ArtI.S5.C2.2.6 House of Representatives Treatment of Prior Misconduct

Article I, Section 5, Clause 2:

Each House may determine the Rules of its Proceedings, punish its Members for disorderly Behaviour, and, with the Concurrence of two thirds, expel a Member.

Whether the Expulsion Clause extends to misconduct that occurred prior to a Member’s election (or reelection) has been explored more thoroughly in the House than in the Senate.1 As early as 1884, Speaker John G. Carlisle responded to a proposed House investigation of alleged misconduct that occurred prior to a Member’s election by stating that “this House has no right to punish a Member for any offense alleged to have been committed previous to the time when he was elected as a member of the House. That has been so frequently decided in the House that it is no longer a matter of dispute.” 2 Nevertheless, disagreement exists on whether a Member can be expelled for prior misconduct.3

In 1872, two House committees investigating Members Oakes Ames and James Brooks for their role in the Credit Mobilier scandal reached different conclusions.4 The alleged misconduct had occurred “four or five years” prior to being brought to the attention of the House and before the Members had been elected to Congress.5 A special committee found that the House had authority to expel a Member for conduct occurring in a prior Congress, and before an intervening election, and recommended that the House exercise that power with respect to Ames and Brooks.6 The report concluded that the Constitution placed “no qualification [on] the [expulsion] power” and assigned no restriction as to when an offense that warranted expulsion had to occur.7 The committee interpreted the expulsion power to have no apparent limit, reasoning that although inappropriate, “[i]f two-thirds of the House shall see fit to expel a man . . . without any reason at all . . . they have the power, and there is no remedy except by appeal to the people.” 8 The committee also addressed whether the expulsion power authorized the House to override the will of a Member’s constituency, who, with full knowledge of the questionable conduct, chose to elect him as their representative:

The committee have no occasion in this report to discuss the question as to the power or duty of the House in a case where a constituency, with a full knowledge of the objectionable character of a man, have selected him to be to their representative. It is hardly a case to be supposed that any constituency, with a full knowledge that a man had been guilty of an offense involving moral turpitude, would elect him. The majority of the committee are not prepared to concede such a man could be forced upon the House, and would not consider the expulsion of such a man any violation of the rights of the electors, for while the electors have rights that should be respected, the House as a body has rights also that should be protected and preserved.9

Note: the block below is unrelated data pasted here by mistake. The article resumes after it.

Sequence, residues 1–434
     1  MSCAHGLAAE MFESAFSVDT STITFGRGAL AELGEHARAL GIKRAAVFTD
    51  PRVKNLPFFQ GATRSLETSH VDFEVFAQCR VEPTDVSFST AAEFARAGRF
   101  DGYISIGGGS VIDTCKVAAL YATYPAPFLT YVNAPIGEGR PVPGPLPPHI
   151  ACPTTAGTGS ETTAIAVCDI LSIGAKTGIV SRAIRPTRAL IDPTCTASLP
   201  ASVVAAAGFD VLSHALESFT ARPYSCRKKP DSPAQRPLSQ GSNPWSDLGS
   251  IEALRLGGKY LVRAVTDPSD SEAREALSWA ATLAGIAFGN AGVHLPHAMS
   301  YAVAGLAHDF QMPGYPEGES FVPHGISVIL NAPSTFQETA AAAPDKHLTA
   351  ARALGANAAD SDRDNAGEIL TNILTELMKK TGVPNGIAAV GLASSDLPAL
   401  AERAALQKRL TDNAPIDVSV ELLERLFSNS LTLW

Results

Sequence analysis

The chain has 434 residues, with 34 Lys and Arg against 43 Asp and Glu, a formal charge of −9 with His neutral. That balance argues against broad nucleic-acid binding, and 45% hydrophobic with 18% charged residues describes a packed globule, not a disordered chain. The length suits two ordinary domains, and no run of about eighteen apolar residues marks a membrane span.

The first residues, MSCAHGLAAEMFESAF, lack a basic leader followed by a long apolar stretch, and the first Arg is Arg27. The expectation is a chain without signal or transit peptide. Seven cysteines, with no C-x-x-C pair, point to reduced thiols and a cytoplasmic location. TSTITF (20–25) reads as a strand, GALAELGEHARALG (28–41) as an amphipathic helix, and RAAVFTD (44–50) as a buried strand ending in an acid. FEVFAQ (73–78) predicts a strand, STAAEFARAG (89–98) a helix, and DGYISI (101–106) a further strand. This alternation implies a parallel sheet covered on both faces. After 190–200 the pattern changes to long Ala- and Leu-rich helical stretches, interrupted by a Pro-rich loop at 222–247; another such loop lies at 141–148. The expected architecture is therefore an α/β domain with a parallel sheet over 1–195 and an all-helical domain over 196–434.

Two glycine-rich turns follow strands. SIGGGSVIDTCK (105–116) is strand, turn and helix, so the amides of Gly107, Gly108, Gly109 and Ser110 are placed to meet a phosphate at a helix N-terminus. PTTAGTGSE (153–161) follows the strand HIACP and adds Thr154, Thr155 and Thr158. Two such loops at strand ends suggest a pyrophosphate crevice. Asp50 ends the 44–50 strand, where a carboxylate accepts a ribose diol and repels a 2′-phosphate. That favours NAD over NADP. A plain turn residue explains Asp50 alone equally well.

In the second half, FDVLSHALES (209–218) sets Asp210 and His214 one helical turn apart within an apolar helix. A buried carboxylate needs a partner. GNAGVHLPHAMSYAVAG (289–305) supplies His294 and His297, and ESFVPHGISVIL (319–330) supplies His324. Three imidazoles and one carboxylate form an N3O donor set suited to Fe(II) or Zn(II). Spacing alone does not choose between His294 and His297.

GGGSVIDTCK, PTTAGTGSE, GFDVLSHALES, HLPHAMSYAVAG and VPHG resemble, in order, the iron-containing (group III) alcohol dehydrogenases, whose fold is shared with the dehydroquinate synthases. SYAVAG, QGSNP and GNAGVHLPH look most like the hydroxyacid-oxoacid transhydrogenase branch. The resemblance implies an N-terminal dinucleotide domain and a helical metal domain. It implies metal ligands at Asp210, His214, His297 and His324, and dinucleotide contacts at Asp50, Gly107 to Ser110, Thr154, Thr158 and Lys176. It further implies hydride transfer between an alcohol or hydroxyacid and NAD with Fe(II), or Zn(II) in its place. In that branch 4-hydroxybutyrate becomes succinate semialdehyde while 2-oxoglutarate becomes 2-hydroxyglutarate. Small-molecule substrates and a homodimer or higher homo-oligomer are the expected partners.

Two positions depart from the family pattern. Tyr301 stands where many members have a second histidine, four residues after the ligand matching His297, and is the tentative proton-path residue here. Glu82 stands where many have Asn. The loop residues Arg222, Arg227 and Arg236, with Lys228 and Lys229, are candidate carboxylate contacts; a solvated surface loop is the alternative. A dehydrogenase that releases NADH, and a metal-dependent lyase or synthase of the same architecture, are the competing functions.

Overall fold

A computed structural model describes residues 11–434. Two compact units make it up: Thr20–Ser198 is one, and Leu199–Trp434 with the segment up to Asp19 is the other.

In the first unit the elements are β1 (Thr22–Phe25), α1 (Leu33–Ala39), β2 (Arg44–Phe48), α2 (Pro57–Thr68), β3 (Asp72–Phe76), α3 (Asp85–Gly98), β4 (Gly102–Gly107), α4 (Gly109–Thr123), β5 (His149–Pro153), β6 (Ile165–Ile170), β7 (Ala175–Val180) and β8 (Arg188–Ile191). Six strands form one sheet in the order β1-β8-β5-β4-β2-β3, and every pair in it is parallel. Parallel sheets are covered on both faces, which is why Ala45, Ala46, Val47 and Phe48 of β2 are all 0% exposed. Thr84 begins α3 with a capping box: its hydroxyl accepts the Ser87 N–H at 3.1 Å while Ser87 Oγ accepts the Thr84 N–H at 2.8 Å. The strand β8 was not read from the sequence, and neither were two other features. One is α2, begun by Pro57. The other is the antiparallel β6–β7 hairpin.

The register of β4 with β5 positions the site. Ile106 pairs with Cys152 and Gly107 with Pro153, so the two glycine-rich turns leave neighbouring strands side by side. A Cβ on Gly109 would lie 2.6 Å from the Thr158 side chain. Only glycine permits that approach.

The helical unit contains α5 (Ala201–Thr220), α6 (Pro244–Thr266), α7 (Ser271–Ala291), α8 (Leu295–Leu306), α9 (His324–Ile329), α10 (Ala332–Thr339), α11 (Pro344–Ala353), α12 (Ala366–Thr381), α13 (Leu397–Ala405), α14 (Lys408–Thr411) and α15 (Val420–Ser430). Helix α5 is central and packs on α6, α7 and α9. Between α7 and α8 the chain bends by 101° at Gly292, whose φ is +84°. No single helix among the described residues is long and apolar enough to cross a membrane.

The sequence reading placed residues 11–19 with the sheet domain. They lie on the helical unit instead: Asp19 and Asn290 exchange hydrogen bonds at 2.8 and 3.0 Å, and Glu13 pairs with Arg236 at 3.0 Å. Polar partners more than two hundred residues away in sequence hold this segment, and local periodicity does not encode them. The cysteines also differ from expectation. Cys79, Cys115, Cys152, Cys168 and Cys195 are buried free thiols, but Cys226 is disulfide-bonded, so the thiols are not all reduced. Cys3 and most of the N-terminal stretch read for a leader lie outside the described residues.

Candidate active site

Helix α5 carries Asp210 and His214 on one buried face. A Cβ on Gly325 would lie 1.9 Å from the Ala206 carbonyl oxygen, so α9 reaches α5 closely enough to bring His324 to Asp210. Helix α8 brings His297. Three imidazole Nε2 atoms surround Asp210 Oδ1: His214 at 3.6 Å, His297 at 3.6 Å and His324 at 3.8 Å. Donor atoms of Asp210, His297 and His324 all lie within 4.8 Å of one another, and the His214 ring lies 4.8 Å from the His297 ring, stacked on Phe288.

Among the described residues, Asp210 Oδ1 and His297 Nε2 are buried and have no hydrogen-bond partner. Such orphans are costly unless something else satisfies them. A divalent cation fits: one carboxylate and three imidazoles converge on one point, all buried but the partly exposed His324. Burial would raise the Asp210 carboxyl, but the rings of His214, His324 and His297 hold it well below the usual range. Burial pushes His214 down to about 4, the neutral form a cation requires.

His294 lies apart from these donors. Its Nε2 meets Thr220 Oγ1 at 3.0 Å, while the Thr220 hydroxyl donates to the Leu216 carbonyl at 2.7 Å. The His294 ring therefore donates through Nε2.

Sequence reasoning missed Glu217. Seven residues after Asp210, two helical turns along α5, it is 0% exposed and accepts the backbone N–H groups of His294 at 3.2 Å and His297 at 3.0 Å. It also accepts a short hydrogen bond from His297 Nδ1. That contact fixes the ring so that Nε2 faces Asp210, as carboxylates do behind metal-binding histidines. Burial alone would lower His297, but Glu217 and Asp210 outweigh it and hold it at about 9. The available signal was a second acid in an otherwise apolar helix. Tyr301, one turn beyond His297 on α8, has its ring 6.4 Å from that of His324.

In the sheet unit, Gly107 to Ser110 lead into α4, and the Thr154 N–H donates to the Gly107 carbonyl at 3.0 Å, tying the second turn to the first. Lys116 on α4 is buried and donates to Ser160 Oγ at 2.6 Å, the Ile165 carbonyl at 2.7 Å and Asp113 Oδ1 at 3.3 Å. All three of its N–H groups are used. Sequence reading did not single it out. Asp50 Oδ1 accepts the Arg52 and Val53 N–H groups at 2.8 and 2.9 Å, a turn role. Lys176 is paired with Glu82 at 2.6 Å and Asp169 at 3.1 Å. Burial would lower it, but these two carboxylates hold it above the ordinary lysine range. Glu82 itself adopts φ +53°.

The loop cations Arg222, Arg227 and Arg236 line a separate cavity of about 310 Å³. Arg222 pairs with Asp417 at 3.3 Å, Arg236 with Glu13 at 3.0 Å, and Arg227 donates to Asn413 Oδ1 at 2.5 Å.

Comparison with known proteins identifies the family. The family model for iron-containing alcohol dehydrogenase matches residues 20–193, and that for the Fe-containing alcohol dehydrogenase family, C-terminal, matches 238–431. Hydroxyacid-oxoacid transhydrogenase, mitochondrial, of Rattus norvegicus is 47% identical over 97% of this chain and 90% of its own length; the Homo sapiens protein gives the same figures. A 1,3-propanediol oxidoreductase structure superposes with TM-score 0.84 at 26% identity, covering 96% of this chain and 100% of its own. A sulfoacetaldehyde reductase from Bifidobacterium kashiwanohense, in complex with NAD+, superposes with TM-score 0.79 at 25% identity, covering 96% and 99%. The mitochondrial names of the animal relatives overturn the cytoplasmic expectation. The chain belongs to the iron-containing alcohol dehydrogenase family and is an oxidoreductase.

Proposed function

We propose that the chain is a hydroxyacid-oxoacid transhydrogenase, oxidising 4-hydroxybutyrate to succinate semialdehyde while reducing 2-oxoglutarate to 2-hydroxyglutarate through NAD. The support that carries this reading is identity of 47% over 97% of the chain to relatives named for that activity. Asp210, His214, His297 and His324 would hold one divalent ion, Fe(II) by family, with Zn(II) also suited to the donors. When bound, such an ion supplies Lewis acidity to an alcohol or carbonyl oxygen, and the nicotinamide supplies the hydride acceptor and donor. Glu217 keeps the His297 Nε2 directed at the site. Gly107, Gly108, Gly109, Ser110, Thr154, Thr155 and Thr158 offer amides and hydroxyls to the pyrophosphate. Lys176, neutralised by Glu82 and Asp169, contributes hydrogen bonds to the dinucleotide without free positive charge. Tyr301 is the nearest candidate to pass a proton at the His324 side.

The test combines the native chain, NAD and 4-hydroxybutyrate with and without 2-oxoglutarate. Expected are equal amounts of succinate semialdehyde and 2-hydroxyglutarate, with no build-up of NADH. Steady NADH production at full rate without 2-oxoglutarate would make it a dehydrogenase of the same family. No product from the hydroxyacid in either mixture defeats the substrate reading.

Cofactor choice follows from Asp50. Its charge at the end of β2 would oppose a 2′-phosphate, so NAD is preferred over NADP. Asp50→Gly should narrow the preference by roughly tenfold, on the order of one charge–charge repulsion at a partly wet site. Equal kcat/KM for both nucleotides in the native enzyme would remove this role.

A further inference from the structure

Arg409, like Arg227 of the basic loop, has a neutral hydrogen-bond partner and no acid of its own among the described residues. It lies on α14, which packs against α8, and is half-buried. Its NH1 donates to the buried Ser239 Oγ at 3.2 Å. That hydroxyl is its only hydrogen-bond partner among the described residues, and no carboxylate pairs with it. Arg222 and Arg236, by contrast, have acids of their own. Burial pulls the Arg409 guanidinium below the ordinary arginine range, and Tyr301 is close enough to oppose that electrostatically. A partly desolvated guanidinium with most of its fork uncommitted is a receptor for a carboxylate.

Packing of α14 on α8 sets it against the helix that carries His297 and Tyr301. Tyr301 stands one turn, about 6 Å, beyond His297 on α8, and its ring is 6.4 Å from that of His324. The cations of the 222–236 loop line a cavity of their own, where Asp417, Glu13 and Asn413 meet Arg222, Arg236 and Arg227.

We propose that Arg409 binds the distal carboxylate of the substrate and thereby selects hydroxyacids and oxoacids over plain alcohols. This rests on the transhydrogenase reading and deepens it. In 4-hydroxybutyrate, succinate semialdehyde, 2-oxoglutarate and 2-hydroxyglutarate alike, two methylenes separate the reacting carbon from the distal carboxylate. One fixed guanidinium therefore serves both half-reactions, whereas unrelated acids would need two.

The House Judiciary Committee reached a different conclusion with respect to Ames and Oakes, however, adopting a much narrower view of the expulsion power.10 According to the Committee, so long as a Member “does nothing which is disorderly or renders him unfit to be in the House while a member thereof . . . the House has no right or legal constitutional jurisdiction or power to expel the member.” 11 In support of this conclusion, the Committee also addressed the right of the Member’s constituency, noting: “This is a Government of the people, which assumes that they are the best judges of the social, intellectual, and moral qualifications of their Representatives whom they are to choose, not anybody else to choose for them . . . .” 12 Ultimately, the House chose to censure, rather than expel, Ames and Brooks.13 However, in adopting the censure resolution, the House specifically refused to agree to a preamble that asserted that “grave doubts exist as to the rightful exercise by this House of its power to expel a Member for offenses committed by such Member long before his election thereto and not connected with such election.” 14

Other House examples, however, suggest that the House has viewed itself, at times, as lacking the power to expel a Member for misconduct occurring prior to the individual’s last election.15 The House Rules Manual, for example, reflects different interpretations: while previously providing that “both Houses have distrusted their power to punish in such cases,” it no longer makes such a statement.16

, at 28–9 (2017). Similarly, a House select committee investigating the possible expulsion of John W. Langley stated in 1925 that “with practical uniformity the precedents in such cases are to the effect that the House will not expel a Member for reprehensible action prior to his election as a Member . . . . ” 17 A 1972 House report similarly noted that “[p]recedents, without known exception, hold that the House will not act in any way against a Member for any actions of which his electorate had full knowledge at the time of his election. The committee feels that these precedents are proper and should in no way be altered.” 18